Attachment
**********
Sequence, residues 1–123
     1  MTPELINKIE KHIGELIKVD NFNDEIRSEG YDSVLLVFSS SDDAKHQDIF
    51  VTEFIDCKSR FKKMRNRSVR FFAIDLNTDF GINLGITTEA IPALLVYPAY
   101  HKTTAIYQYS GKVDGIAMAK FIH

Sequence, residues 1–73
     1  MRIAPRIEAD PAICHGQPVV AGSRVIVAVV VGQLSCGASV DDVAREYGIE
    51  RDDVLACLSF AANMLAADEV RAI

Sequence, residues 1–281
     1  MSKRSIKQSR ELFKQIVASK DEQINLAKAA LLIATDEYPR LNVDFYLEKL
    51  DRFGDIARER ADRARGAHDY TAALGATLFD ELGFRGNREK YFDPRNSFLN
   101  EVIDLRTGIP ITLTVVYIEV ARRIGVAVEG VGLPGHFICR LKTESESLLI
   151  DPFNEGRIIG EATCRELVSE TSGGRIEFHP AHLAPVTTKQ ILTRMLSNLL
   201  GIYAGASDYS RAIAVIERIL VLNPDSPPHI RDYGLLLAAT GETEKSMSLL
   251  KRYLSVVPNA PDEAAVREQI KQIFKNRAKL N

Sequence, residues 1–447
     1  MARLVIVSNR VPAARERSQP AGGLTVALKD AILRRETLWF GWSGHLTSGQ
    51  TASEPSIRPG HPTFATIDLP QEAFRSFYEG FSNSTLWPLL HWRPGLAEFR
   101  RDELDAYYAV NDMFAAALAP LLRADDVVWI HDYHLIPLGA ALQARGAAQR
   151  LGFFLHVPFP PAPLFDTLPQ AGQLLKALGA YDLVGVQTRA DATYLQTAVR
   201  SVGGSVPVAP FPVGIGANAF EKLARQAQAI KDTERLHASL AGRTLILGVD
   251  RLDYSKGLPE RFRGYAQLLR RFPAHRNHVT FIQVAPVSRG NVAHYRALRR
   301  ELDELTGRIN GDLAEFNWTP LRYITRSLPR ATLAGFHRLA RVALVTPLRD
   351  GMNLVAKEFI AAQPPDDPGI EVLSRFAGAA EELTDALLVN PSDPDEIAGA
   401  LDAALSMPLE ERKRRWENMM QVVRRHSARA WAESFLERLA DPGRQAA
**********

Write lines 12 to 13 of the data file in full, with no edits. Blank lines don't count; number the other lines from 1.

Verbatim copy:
   151  DPFNEGRIIG EATCRELVSE TSGGRIEFHP AHLAPVTTKQ ILTRMLSNLL
   201  GIYAGASDYS RAIAVIERIL VLNPDSPPHI RDYGLLLAAT GETEKSMSLL